LucAdapters has launched a crowd funding campaign to develop a focal reducer for the newly announced Super 35mm 6K cinema camera from Blackmagic Design. The reducer will allow users to mount full frame lenses on the camera with only a slight crop, thus emulating the look of a camera with a full frame sensor.
The company has history with this kind of adapter and currently makes a reducer for the Ursa Mini called Magicbooster Pro, and has in the past made a full-frame adapter for the Samsung NX1. This new model will be called Magicbooster Pocket 6K and will combine the benefits of a 1 stop increase in effective aperture as well as decreasing the crop factor of the 6K area of the camera’s Super 35mm sensor from 1.5x to 1.1x. This allows full frame lenses to practically maintain their intended angle of view when recording 6K footage, with a 50mm lens acting like a 55mm with the reducer instead of like a 75mm without it.
Here’s a video made with the current Magicbooster, shot on Blackmagic Ursa mini 4.6K by PILOTMOVIES.
The Magicbooster Pocket 6K will be fully compatible with all of Canon’s EF lenses according to LucAdapters, but not EF-S models. The Magicbooster fits inside the camera’s throat leaving the mount untouched, and replaces some internal parts of the camera itself in doing so. The unit comprises a small barrel with lens elements at the end. It screws into the camera with the magnifying lens sitting directly in front of the camera’s sensor and behind the IR filter.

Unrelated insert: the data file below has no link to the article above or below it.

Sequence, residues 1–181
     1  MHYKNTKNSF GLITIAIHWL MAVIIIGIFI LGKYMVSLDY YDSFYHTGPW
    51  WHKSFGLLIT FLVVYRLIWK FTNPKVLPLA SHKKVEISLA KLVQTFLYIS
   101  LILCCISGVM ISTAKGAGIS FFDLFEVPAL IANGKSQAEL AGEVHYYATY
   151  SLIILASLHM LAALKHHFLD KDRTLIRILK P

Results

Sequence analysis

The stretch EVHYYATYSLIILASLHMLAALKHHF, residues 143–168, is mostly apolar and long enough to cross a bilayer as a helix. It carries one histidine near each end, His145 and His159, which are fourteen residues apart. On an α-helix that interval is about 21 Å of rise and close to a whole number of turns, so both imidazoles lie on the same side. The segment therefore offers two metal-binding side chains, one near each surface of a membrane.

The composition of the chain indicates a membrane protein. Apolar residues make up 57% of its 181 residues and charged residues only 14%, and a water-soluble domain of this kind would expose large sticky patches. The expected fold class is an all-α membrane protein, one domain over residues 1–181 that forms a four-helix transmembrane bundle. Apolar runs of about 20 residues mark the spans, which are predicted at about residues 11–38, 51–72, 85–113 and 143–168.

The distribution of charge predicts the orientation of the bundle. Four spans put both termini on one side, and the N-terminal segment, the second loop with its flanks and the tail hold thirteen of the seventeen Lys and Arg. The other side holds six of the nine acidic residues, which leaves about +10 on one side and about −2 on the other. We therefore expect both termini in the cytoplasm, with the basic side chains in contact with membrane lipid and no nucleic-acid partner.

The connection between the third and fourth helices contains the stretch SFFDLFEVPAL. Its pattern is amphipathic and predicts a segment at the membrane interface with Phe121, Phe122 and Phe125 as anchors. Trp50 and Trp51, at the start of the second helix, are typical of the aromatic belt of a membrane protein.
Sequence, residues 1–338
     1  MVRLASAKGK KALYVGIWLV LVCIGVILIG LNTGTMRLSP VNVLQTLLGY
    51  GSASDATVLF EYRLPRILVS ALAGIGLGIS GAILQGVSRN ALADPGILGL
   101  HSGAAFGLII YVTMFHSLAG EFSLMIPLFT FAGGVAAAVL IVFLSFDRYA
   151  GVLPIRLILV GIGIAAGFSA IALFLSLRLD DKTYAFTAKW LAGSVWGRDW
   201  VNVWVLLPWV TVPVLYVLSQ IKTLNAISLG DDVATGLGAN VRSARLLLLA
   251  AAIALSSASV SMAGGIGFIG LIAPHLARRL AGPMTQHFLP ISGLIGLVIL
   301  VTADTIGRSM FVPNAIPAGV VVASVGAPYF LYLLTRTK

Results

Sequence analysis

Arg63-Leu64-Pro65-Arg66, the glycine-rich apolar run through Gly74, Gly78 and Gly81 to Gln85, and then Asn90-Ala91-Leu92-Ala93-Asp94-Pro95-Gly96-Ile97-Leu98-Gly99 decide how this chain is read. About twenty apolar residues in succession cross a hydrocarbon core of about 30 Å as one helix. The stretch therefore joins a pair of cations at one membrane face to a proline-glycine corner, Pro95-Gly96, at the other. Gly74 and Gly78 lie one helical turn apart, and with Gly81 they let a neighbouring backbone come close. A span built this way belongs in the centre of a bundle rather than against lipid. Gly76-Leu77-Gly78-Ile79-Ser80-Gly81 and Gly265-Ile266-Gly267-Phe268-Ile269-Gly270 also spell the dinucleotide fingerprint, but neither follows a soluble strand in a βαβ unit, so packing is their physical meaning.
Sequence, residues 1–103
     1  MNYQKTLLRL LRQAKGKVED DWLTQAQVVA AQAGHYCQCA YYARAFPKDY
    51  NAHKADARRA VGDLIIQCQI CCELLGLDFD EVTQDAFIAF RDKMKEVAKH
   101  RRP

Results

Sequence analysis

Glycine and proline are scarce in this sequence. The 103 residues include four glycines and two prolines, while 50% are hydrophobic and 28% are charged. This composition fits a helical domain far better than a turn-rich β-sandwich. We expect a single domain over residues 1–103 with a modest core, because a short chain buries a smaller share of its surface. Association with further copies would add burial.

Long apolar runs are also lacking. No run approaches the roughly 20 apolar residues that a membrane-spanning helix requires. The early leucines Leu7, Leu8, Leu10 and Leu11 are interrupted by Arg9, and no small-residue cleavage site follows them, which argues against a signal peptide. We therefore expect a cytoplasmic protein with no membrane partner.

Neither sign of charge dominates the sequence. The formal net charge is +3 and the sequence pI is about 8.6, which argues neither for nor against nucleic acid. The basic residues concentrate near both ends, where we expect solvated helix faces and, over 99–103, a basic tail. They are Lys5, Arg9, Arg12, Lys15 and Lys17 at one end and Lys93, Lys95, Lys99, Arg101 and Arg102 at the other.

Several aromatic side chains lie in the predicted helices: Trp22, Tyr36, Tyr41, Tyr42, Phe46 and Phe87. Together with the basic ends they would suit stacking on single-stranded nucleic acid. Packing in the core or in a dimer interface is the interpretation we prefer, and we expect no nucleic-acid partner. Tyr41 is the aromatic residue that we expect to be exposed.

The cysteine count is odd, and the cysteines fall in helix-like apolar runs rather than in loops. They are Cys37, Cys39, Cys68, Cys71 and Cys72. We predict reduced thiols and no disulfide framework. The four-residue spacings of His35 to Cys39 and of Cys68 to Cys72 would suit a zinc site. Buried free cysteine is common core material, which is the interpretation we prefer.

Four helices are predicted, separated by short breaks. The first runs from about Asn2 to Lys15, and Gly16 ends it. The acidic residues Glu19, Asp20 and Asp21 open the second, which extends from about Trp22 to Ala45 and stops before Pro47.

Buyers will receive a replacement UV-IR cut filter that the company claims is better than that which is shipped with the camera. Such a degree of installation is required that it isn’t the sort of adapter that can be attached and unattached in a couple of seconds, but it also means there’s no need to add and remove the adapter every time you have to change a lens.
LucAdapter says the Magicbooster Pocket 6K will ship in November this year, and will cost from €499 (approx. $550). For more information see the LucAdapters Magicbooster Pocket 6K Kickstarter campaign.